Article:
1983 Fender Elite Telecaster
A 1983 Fender Elite Telecaster resting against a 1977 Mesa/Boogie Mark I.

After introducing the Vintage Reissue line of guitars and basses, which recreated the classic designs of Fender’s glory years, Smith developed the Elite series.

After CBS purchased Fender in 1965, dealers and customers began complaining about the declining quality of Fender instruments. As a result, in 1981 CBS hired new management—including Dan Smith as director of marketing. Smith came up with a five-year plan to improve sales with new products of better quality.

After introducing the Vintage Reissue line of guitars and basses, which recreated the classic designs of Fender’s glory years, Smith developed the Elite series. These instruments had state-of-the-art, technologically advanced features for modern playing styles. (Remember, we have to view “modern” in the context of the early ’80s).

The Elite series included a Stratocaster, a Telecaster, and a Precision bass. Each Elite had a walnut, a gold (this referred to the hardware), and a regular version. These instruments were available with maple or rosewood ’board necks, and came in a wide variety of standard and custom colors. The Elites were introduced in June of 1983 and were dropped by the end of 1984 when CBS put Fender Musical Instruments up for sale.


This Elite Tele sports noise-cancelling alnico 2 pickups harnessed to active TBX and MDX tone controls. The massive, top-loading 6-saddle bridge represents another major departure from classic Tele hardware.

This month’s Elite Telecaster showcases all the radical (for the time) changes made to the traditional Tele. These include a heavy cast 6-saddle top-loading bridge, noise-cancelling pickups with alnico 2 magnets, active TBX and MDX tone controls capable of creating fat humbucking and cutting single-coil sounds (similar controls continue to be used on the current Eric Clapton Strats), knobs with a serrated rubber insert for easy gripping, and a Gibson-style, 3-way toggle switch. Elite Tele necks featured a Bi-flex truss rod, jumbo frets, and a 12" radius fretboard.

This guitar also sports a classy bound top and an optional stick-on pickguard. The 1983 Fender catalog proudly boasts of the guitar’s many advances: “Elite Series instruments incorporate no fewer than 14 new patent-pending inventions by Fender. This alone lends substance to our belief that the rest of the industry will be years in catching up with Elite technology.”


Among its many new features, serial number E 317132 offers burly sealed tuners and redesigned string trees.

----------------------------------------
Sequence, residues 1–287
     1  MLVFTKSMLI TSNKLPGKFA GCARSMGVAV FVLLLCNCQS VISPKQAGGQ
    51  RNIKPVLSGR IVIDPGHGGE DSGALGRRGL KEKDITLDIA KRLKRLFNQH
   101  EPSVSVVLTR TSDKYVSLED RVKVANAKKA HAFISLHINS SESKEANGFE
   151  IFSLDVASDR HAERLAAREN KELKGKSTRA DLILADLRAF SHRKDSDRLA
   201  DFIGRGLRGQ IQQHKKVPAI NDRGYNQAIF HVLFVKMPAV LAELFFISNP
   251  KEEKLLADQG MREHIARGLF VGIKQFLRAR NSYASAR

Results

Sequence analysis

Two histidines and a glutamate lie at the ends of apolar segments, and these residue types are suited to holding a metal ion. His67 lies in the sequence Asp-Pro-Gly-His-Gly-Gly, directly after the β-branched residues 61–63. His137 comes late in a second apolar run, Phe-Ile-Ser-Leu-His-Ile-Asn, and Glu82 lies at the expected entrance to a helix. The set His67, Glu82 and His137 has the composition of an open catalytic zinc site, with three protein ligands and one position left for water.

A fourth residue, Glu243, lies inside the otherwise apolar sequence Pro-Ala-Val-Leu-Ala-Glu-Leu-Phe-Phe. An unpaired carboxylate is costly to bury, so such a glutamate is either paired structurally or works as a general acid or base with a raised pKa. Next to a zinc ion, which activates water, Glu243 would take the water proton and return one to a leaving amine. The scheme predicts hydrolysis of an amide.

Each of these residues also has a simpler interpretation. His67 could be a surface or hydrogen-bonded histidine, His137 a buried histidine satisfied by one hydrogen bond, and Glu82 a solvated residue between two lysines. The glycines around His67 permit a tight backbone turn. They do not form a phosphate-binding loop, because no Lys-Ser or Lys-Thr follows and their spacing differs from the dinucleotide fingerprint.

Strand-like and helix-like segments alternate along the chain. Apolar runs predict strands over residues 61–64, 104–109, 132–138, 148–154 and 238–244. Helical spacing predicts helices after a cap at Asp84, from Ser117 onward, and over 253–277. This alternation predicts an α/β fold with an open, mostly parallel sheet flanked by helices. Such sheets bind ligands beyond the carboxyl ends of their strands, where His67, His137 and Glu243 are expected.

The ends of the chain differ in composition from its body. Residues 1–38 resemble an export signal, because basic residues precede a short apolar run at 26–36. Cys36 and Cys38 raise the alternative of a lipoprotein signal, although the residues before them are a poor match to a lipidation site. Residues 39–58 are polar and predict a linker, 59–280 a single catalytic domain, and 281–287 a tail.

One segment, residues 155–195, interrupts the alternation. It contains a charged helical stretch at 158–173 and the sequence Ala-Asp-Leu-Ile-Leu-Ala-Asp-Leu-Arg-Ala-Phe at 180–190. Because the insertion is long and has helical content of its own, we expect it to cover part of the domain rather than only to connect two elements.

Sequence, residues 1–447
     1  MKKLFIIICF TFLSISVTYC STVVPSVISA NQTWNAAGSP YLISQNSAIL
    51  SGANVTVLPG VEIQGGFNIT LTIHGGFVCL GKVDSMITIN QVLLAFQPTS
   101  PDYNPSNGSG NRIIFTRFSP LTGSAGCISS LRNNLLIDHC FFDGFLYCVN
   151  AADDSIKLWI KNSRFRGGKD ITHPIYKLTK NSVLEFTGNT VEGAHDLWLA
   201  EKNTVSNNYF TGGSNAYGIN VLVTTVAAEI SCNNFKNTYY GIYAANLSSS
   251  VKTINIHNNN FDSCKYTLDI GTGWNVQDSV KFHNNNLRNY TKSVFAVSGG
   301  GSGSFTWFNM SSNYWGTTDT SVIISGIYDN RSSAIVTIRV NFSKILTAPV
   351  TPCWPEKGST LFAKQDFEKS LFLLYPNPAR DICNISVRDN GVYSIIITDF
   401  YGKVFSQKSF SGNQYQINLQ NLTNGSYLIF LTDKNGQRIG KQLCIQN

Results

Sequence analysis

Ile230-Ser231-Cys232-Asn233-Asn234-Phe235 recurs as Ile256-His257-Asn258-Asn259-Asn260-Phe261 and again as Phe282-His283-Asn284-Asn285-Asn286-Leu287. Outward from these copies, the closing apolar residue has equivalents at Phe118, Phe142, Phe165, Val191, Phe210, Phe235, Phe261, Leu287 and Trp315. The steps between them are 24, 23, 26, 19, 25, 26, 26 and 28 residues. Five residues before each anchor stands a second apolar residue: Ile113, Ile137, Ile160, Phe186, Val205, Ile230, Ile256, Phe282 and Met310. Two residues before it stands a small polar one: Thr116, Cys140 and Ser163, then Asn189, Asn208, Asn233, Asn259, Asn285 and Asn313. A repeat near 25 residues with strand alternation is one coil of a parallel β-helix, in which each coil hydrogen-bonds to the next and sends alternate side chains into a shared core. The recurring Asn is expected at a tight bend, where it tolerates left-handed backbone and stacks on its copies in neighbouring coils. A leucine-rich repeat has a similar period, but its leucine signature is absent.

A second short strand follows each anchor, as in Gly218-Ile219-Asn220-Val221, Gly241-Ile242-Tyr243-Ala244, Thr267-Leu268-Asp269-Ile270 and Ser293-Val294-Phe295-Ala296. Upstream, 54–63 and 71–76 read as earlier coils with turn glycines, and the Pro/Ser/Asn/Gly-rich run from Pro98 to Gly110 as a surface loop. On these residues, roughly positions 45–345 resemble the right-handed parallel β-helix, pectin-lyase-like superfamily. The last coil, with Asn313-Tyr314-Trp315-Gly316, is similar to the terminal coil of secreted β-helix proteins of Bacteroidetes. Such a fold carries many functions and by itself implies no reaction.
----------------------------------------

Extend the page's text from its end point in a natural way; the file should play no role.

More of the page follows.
The 1983 list price for an Elite Telecaster was $895, and its current value is $1,500. Action shots of an Elite Tele played by Dave Davies in full clown makeup can be seen in the 1984 video for the Kinks “Do It Again” single from Word of Mouth. Davies used Elite Teles for recordings and live shows through the rest of the ’80s.

Sources for this article include The Fender Telecaster by A.R. Duchossoir, Six Decades of the Fender Telecaster: The Story of the World’s First Solidbody Electric Guitar by Tony Bacon, and the 1983 Fender catalog.

Original price: $895 in 1983
Current estimated market value: $1,500


Dave ’s Guitar Shop
Dave Rogers’ collection is tended by Laun Braithwaite and Tim Mullally and is on display at:
Dave’s Guitar Shop
1227 Third Street South
La Crosse, WI 54601
davesguitar.com
Photos by Mullally and text by Braithwaite.

Designed for bassists, this gain staged preamp/overdrive features Lounsberry’s eye-grabbing graphic appeal and pro-quality construction.

Read MoreShow less

Tube Amp Doctor announces the newest addition to their REBASE-tubeline - their 6V6GT-STR.

Read MoreShow less

Matt Bellamy designs his own signature Manson Guitar Works instruments and took ownership of the company when Hugh Manson retired in 2019.

Photo by Debi Del Grande

Muse returns to self-producing on Will of the People, an album teeming with formidable anthems that navigate themes of fear, politics, dystopia, compliance, corruption, and other topics concerning the world order.

Decked out in black ninja-like uniforms with mosaic mirrored masks obscuring their faces, Muse opens their current shows with the powerful, sing-along chant of “Will of the People,” the anthemic title track off their latest album. From that song’s infectious shuffle until the very end of the concert’s encore, people are jumping out of their seats, and appear to be completely mesmerized.

Read MoreShow less
x